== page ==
Carson Kressley and Jai Rodriguez talk with THR about how the show was received in 2003 America and reflect on the way it changed American cultural gay stereotypes.
Queer Eye was never supposed to be a hit. When the reality TV show about five gay New Yorkers (the “Fab Five”) who revamp the fashion, homes and wine cabinets of heterosexual men debuted July 15, 2003, many people tagged it as a niche production.
At the time, queer people were virtually absent from mainstream television. Only five lead characters on primetime television identified as LGBT, according to GLAAD. Ellen DeGeneres’ landmark coming-out occurred only six years earlier, and Will & Grace, which brought one of the first prominent gay characters into mainstream American television, had not yet wrapped up its historic run.
But Queer Eye (originally Queer Eye for the Straight Guy) ratings surged against the odds, giving cable network Bravo one of its biggest hits and catapulting the five fabulous men at the center — Carson Kressley, Jai Rodriguez, Ted Allen, Kyan Douglas and Thom Filicia — to celebrity status. They appeared on Ellen and Oprah, earned a spot on Barbara Walters’ “The Most Fascinating People of 2003” list, and won an Emmy for best reality program in 2004. Donald Trump briefly appeared in an episode. Even President George W. Bush referenced them, joking at the 2004 White House Correspondents’ Dinner: “I’m sorry Secretary [Donald] Rumsfeld is not here either. The guy constantly surprises me. Do you know what Rummy’s favorite TV show is? Queer Eye for the Straight Guy.”
With the Queer Eye reboot hitting Netflix on Wednesday, old critiques of the show are resurfacing. Most go something like this: In featuring gay men whose primary goal is to “improve” their straight peers, Queer Eyeleans on the stereotype of queer men as overly concerned with appearance.
Of this, star Carson Kressley is skeptical. First of all, he tells The Hollywood Reporter, “if someone says it’s stereotypical to have great taste, I say bring it on.” To call him a stereotype is to dismiss his authentic personality: “No, I’m actually just being myself.” Kressley is also careful to distinguish between gay characters on TV and actual gay people appearing as themselves. Unlike on, say, Will & Grace, Queer Eye‘s Fab Five were not acting as anyone else. Viewers didn’t boil down their roles on the show to their sexualities. “They knew us as real people, not as characters who were written by someone,” Kressley says.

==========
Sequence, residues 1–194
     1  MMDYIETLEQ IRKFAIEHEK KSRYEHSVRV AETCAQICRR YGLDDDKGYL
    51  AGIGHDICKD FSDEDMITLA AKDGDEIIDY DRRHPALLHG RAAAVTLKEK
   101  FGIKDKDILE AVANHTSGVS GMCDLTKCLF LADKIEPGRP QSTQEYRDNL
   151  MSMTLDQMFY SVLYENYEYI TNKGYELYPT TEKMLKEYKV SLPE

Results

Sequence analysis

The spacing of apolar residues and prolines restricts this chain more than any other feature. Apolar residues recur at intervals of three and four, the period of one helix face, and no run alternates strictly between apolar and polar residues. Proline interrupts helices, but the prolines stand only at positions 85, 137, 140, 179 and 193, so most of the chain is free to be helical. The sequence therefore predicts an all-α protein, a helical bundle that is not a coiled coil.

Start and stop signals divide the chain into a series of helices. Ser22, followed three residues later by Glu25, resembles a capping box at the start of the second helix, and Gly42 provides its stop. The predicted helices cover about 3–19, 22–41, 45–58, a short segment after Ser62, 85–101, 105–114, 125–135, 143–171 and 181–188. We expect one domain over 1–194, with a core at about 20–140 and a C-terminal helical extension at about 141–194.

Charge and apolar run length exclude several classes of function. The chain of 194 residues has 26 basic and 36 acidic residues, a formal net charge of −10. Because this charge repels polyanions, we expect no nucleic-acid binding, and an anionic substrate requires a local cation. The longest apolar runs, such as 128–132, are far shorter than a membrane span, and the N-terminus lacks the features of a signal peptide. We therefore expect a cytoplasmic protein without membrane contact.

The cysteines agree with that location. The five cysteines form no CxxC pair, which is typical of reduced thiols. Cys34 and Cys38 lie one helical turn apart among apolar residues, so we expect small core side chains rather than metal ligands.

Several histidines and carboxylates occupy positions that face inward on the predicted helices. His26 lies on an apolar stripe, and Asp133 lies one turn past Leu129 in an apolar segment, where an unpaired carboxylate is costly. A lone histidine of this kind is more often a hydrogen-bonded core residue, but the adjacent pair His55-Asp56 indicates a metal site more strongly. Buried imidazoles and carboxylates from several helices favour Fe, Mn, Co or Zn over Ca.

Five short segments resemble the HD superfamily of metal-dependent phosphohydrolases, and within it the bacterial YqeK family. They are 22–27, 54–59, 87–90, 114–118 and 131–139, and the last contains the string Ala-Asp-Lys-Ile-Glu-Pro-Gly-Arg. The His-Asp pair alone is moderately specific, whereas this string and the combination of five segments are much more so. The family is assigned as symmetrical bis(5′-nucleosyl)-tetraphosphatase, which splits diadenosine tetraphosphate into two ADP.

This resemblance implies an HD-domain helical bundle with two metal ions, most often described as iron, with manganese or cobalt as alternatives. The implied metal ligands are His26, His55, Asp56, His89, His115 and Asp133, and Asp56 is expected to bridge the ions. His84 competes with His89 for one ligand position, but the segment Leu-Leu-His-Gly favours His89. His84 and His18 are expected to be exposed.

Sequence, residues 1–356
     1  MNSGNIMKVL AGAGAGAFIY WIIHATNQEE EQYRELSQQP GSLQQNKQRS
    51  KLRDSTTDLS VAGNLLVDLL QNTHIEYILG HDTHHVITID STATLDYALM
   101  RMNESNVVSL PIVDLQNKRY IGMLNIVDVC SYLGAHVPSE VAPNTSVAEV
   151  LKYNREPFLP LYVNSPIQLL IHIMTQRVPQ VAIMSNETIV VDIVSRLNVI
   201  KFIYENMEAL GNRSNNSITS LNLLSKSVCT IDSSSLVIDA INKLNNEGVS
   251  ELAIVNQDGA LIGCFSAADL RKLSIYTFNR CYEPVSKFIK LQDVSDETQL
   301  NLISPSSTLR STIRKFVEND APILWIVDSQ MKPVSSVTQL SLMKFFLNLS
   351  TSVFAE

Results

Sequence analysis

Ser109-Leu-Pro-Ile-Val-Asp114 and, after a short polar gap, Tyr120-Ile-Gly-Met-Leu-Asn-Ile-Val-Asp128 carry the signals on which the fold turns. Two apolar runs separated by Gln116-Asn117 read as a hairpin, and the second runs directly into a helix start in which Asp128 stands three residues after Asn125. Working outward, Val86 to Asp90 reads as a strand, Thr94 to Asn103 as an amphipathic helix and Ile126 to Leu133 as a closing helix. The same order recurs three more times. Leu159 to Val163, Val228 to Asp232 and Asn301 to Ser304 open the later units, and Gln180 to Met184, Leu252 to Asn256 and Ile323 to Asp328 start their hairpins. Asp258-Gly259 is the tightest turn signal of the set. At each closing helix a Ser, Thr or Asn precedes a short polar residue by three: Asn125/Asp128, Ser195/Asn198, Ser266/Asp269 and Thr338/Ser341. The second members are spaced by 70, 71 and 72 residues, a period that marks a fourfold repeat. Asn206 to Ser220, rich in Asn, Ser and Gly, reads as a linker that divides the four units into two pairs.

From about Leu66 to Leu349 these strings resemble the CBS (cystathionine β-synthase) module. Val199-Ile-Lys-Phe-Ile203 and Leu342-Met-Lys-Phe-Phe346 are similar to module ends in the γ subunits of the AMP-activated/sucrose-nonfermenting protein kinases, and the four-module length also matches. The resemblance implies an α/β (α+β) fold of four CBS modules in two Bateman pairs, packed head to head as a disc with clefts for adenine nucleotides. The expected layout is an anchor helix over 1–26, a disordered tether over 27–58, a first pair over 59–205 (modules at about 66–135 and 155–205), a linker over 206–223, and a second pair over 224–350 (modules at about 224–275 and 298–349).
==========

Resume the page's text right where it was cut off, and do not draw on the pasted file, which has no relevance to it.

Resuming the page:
The reason the Fab Five appeared on the show in the first place was their individual talent. Each had his own specialty: Fashion Savant (Kressley), Food and Wine Connoisseur (Ted Allen), Grooming Guru (Kyan Douglas), Design Doctor (Thom Filicia) and Culture Vulture (Jai Rodriguez). In each episode, they pooled these skills to help their subject accomplish his goal, whether that meant getting the girl, preparing to ask for a raise or throwing a barbecue for friends.
Yet Kressley understands that it’s impossible to disentangle his sexuality from Queer Eye. 2003 America was not kind to the LGBTQ community. At the time, “Don’t ask, don’t tell” banned openly queer people from serving in the military, and only a few months earlier, 13 U.S. states had anti-sodomy laws on the books.
Kressley relates his own experiences in Allentown, Pennsylvania, where as a teenager he would often hear some variant of “Oh my god, there’s that queer guy.” His sexuality ostracized him. But after the release of Queer Eye, whenever he returned home, people would run up to him shouting, “Oh my god, you’re the queer guy!” — “the tone was very celebratory,” he says.
To Kressley, this shift is the show’s ultimate power. By introducing America to real queer people, it allowed them to get to know members of a demographic long shut out of most other media. Suddenly, he was being recognized in airports from Korea to Brazil. His sexuality was no longer a reason to be shunned, but rather one aspect of his complex personal identity.
Jai Rodriguez, the show’s culture expert, agrees. The No. 1 thing people have told him about Queer Eye is that the show helped them come out to their families. “The houses and the fashion, that has never been a takeaway,” he says. Though Queer Eye didn’t have a political message, that didn’t matter: “In 2003, being out was political.”
To Rodriguez, Queer Eye also made space for friendships between straight and queer men, a bond that at the time “wasn’t OK to be formed” because of homophobic fears of romantic attraction. On the show, queer and straight men could exist, work and laugh together without strings attached.
Certainly, the queerness the show introduced was a singular one. Four of the five stars were white, and all were cisgender. But it opened the doors to wider and more diverse queer representation, bringing the Fab Five into millions of homes around the world. That counts for something. Rodriguez, a New Yorker of Puerto Rican descent, notes that his successor in the reboot, Karamo Brown, told him, “One of the biggest things for me watching the show was finally seeing a queer person of color.”
The show’s reboot, helmed by David Collins (who also executive produced the original), follows a brand-new Fab Five as they take their makeover skills outside of New York City. As the press release announced, “The Emmy Award-winning Queer Eye is back and ready to Make America Fabulous Again. With a new Fab 5 and the show’s toughest missions to date, Queer Eye moves from the Big Apple to turn the Red States pink — one makeover at a time.”
Starting Wednesday, viewers can decide for themselves if they succeed.
(Via The Hollywood Reporter)